Photos1440 returns to the State Library of New South Wales this month to celebrate its 10th milestone year. Printed by SUN Print Sydney, the 2021 exhibition looks over moments from the past 12 months as captured by Sydney Morning Herald photographers, alongside a retrospective of some of the most potent press imagery of the last decade.
“Our photographs are more than the first draft of history; they’re powerful gut punches that force everyone from politicians and philanthropists to mums and dads to sit up and take notice. They demand a visceral response,” said Mags King, the Sydney Morning Herald’s Managing Photo Editor and exhibition curator.
“This year’s Photos1440 showcases some of the most poignant, powerful, spectacular and quiet moments that we have had the privilege to witness. In particular, the images from the past 12 months capture the stories that have unified – and divided – us all."
James Brickwood, staff photographer at The Sydney Morning Herald / Australian Financial Review and member of Oculi Collective, has exhibited as part of each annual show to date.
He spoke to Sunroom about the stories behind a selection of his included images and the role of exhibitions in slowing down viewers to reflect.
When did you start working with the Sydney Morning Herald and how did you get your foot in the door?
I started at the SMH in 2003. I landed a job as a copy kid for the photographic desk. Answering phone calls, faxes, emails - admin work for the photographic department.
My boss at the time, Sandra Harrison, was quite upfront with me. She said, “You won’t be taking photos in this role so get that out of your head.” I was a bit of a ratbag and this kind of tough approach worked on me.
The position gave me the ears of Sydney’s best photojournalists and photo editors who were always willing to share their knowledge, critique my photography and encourage me to make my own work.
I’d had several attempts at a cadetship over those early years and I was fortunate enough to win the Walkley Young Journalist of the Year Award (in 2006 I believe). The Managing photo editor Mike Bowers had always been encouraging of my work and suggested I should perhaps go freelance as the company had recently gone through redundancies and the likelihood of a full-time position was unlikely. Not long after our discussion, a photographer decided to leave photography and a position appeared and I was incredibly lucky to fill it.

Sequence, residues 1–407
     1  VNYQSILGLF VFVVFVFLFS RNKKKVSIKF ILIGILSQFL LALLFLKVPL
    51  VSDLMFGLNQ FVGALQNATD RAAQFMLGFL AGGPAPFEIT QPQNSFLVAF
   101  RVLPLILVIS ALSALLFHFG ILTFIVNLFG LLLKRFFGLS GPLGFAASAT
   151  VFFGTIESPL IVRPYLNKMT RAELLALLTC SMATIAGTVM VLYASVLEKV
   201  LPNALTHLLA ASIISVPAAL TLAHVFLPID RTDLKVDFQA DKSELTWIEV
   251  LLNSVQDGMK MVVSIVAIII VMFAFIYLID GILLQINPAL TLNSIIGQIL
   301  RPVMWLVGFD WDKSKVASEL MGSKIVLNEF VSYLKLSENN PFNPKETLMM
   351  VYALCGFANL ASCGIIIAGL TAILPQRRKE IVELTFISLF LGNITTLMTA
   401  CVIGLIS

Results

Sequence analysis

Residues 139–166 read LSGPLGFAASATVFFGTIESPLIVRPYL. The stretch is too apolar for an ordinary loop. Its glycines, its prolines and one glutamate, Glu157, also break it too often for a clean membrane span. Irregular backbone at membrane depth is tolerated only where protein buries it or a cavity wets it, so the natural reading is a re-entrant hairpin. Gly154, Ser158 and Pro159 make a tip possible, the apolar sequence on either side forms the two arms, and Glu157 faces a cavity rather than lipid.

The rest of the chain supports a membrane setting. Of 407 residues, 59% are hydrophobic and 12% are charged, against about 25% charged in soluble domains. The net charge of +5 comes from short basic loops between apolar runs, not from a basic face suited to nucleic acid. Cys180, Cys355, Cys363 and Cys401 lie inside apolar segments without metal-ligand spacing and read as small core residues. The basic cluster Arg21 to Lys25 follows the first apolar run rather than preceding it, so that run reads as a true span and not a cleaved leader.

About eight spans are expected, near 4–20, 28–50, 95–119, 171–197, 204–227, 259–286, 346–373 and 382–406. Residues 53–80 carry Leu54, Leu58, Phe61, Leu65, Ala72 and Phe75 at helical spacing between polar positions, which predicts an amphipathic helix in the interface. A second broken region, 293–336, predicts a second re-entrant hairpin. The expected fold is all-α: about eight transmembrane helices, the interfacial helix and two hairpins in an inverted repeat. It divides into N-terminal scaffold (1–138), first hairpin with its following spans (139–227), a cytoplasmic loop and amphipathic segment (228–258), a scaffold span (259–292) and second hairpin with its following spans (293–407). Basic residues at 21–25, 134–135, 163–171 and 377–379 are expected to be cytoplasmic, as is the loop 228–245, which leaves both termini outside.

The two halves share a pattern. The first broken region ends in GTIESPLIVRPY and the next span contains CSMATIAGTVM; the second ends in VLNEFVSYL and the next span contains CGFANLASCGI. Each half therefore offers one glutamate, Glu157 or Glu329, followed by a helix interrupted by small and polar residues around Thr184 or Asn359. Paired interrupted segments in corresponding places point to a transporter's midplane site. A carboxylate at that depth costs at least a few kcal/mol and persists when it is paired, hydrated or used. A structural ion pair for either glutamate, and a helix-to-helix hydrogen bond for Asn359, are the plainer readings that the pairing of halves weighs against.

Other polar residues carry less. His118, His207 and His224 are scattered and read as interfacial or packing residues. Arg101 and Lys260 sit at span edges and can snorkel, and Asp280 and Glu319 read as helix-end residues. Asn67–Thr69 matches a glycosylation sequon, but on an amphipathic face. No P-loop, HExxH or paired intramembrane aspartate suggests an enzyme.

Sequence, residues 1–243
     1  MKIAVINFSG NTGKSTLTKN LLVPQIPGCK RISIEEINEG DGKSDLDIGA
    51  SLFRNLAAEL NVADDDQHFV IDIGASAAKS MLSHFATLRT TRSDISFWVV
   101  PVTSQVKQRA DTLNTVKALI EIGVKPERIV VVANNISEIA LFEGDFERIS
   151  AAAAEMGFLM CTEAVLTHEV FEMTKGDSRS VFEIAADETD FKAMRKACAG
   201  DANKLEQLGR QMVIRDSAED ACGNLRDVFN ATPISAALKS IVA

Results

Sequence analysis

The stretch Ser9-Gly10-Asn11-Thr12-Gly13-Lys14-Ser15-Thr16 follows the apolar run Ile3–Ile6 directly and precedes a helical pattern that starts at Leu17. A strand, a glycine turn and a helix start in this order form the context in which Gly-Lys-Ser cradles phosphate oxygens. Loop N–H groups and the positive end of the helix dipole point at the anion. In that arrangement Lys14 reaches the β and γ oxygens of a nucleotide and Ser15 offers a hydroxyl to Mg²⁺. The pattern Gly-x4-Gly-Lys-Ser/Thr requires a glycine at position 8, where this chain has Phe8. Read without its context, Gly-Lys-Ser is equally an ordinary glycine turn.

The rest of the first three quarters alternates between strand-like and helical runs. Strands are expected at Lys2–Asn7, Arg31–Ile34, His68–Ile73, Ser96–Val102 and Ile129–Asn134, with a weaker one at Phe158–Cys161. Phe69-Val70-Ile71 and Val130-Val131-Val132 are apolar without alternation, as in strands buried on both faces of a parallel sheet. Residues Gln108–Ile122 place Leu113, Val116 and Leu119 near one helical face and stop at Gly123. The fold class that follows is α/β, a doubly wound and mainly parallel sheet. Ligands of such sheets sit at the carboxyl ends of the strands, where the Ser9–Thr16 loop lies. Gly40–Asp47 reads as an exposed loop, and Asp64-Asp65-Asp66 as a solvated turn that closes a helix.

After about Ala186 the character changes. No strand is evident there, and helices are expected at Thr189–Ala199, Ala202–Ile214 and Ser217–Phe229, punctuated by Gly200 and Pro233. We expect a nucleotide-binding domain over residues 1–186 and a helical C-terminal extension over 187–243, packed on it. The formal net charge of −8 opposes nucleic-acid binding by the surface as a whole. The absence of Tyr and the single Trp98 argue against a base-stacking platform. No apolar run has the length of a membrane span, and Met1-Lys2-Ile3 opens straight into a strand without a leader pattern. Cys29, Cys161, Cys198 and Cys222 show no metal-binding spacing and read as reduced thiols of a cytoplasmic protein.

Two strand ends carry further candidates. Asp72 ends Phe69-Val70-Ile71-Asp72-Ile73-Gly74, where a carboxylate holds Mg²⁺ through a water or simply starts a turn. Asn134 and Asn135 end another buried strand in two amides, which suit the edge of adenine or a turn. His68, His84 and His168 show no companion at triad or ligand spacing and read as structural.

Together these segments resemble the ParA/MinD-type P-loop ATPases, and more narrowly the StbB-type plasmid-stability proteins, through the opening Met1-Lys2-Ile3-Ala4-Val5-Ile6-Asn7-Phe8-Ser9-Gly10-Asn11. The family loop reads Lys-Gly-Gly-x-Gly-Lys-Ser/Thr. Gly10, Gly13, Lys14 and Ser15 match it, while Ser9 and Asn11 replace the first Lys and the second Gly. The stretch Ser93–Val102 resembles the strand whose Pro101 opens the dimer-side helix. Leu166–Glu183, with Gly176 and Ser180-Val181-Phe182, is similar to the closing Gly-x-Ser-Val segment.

Is there a distinct culture to the SMH photographic department you’ve observed?
Definitely. The SMH had always had a reputation for a high standard of photography and its presentation, with an emphasis on documenting events and stories rather than simply illustrating them by means of a set up or static photograph.
This wasn’t something that was always a given. It arguably took decades of photographers and photo editors to push and argue for photography that didn’t just illustrate the written story but enriched and elevated it.
There’s a healthy sense of competition, but also one of working as a team.
An element that cannot be overlooked is the role of the photo editors at the SMH. Photo editing is one of the most thankless jobs in the industry, but an integral one. It’s a constant battle of persuasion and selling photographs.
During my time at the SMH, the photographic department has always been about encouragement and growth. Under Mags King (Managing Photo editor and Photos1440 curator) this has only grown stronger. Particularly in a period where our industry has seen incredible shifts in both how we work and how we publish. She’s managed to grow a department during a time when most other mastheads are reducing numbers. Like I mentioned earlier, it’s a thankless task and much of the work is credited to the photographer but in reality, you can’t produce work day-in day-out like this without a strong and encouraging team of photo editors.